Is Your Network Working for You? A Simple Test

Last Updated Apr 13, 2010 10:35 AM EDT

Is your business network working for you? Here's a simple test, borrowed from the work of Noshir Contractor, professor of behavioral sciences at Northwestern University's Kellogg School of Management.
  1. On a piece of paper write down your most important business contacts -- your personal board of directors -- to whom you turn to for advice, mentoring and networking on professional, not personal, matters.
  2. Next to each mentor write down the name of the person who introduced you to this key contact.
  3. Study the list of of your "referrers."
Here is what you are likely to see, Contractor tells writer Arina Green.
"They will discover that, often, there are just a handful of people who introduced them to the most important people in their lives. These are people who ought to be cultivated because they are helping to broaden a network. One must make sure to continue to connect with those people."
But another major finding might very well be that you found many of your own mentors. That's a sign that you are not using your career network effectively.

Read Green's very insightful post for details on how to keep a network alive. Like a garden, a business network needs careful and constant attention and care. As she notes:

"Simply collecting business cards and attending events may expand your number of contacts, but does not increase the likelihood that those contacts will benefit you in the future. To reap the benefits of networking when you need them, you must know how to make your network work for you, and how you can work for your network."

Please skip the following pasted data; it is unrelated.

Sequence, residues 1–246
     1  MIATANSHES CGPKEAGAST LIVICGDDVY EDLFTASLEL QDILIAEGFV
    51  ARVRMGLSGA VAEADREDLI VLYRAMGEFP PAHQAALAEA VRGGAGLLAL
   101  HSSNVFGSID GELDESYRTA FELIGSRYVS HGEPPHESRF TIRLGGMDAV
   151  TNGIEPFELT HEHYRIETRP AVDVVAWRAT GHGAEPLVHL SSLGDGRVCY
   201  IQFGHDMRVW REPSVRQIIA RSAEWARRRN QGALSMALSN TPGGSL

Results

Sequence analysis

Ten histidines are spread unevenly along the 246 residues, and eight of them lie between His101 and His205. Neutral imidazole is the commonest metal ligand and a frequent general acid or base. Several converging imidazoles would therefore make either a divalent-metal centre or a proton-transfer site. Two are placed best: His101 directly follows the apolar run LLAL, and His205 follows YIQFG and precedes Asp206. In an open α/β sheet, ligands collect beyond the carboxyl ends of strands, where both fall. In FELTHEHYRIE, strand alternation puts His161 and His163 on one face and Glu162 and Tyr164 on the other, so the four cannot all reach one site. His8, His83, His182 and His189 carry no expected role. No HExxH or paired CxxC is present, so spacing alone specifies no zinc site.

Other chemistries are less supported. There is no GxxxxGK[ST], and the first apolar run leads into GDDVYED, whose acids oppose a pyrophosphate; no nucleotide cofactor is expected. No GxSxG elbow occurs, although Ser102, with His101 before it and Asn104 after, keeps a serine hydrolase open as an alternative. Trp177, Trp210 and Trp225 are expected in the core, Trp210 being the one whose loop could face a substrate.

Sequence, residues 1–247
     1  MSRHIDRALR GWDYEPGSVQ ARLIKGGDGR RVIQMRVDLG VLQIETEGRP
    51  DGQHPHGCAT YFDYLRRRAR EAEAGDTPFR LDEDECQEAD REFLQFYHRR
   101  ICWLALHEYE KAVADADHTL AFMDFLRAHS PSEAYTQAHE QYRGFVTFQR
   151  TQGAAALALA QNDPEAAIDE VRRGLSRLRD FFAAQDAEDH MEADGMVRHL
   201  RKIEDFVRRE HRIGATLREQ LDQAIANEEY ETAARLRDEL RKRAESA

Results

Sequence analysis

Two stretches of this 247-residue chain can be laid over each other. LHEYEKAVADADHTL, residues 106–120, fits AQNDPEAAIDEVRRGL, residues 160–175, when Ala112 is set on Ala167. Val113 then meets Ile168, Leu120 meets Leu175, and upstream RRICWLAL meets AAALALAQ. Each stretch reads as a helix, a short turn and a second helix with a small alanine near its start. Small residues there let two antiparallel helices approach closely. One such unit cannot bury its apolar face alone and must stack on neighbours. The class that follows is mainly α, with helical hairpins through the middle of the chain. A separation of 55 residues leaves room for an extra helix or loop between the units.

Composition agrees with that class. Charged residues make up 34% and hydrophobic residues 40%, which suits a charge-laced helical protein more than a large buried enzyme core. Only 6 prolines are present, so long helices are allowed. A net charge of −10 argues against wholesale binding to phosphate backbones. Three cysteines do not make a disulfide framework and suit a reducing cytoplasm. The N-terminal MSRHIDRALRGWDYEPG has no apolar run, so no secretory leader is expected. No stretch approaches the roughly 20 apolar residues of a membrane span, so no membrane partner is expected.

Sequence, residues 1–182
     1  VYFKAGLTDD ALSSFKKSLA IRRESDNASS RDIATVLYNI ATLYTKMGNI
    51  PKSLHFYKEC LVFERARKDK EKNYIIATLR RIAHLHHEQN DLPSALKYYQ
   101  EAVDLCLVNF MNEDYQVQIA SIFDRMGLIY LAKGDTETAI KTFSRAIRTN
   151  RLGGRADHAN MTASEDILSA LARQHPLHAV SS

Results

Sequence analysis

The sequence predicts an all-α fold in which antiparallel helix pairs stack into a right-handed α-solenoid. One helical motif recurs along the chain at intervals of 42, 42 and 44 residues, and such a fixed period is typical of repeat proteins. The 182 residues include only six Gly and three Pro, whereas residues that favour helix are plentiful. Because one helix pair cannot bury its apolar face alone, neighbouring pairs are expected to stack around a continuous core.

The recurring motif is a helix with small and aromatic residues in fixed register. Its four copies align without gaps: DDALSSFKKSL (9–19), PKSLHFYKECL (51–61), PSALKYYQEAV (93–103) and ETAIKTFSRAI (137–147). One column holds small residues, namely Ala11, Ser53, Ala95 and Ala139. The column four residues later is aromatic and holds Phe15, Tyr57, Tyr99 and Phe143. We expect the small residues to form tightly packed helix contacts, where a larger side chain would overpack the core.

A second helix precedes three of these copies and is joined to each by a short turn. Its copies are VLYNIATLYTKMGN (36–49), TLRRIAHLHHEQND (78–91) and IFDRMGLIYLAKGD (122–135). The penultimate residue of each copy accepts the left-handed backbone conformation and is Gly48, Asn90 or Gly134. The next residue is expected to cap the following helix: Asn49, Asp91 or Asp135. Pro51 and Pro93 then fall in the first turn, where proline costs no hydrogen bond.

Do you use your network effectively? How do you keep it vital?

(Network image by Marc Smith, CC 3.0)

  • Sean Silverthorne

    Sean Silverthorne is the editor of HBS Working Knowledge, which provides a first look at the research and ideas of Harvard Business School faculty. Working Knowledge, which won a Webby award in 2007, currently records 4 million unique visitors a year. He has been with HBS since 2001.

    Silverthorne has 28 years experience in print and online journalism. Before arriving at HBS, he was a senior editor at CNET and executive editor of ZDNET News. While at At Ziff-Davis, Silverthorne also worked on the daily technology TV show The Site, and was a senior editor at PC Week Inside, which chronicled the business of the technology industry. He has held several reporting and editing roles on a variety of newspapers, and was Investor Business Daily's first journalist based in Silicon Valley.